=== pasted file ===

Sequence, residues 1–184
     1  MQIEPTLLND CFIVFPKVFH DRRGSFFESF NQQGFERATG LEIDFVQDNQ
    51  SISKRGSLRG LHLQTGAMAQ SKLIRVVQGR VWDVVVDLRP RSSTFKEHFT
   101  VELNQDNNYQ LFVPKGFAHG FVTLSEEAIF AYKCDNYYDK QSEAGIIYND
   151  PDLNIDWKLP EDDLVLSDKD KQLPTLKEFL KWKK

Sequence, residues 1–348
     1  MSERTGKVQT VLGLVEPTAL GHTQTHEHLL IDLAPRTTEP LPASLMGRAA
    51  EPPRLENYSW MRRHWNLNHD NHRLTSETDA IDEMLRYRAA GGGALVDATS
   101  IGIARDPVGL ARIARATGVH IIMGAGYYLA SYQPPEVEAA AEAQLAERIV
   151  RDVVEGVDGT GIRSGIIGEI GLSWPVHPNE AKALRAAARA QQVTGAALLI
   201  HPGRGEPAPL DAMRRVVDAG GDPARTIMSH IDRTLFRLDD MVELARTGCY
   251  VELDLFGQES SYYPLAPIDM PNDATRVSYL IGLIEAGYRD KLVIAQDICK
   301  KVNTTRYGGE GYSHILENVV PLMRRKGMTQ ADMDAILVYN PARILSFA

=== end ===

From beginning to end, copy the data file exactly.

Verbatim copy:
Sequence, residues 1–184
     1  MQIEPTLLND CFIVFPKVFH DRRGSFFESF NQQGFERATG LEIDFVQDNQ
    51  SISKRGSLRG LHLQTGAMAQ SKLIRVVQGR VWDVVVDLRP RSSTFKEHFT
   101  VELNQDNNYQ LFVPKGFAHG FVTLSEEAIF AYKCDNYYDK QSEAGIIYND
   151  PDLNIDWKLP EDDLVLSDKD KQLPTLKEFL KWKK

Sequence, residues 1–348
     1  MSERTGKVQT VLGLVEPTAL GHTQTHEHLL IDLAPRTTEP LPASLMGRAA
    51  EPPRLENYSW MRRHWNLNHD NHRLTSETDA IDEMLRYRAA GGGALVDATS
   101  IGIARDPVGL ARIARATGVH IIMGAGYYLA SYQPPEVEAA AEAQLAERIV
   151  RDVVEGVDGT GIRSGIIGEI GLSWPVHPNE AKALRAAARA QQVTGAALLI
   201  HPGRGEPAPL DAMRRVVDAG GDPARTIMSH IDRTLFRLDD MVELARTGCY
   251  VELDLFGQES SYYPLAPIDM PNDATRVSYL IGLIEAGYRD KLVIAQDICK
   301  KVNTTRYGGE GYSHILENVV PLMRRKGMTQ ADMDAILVYN PARILSFA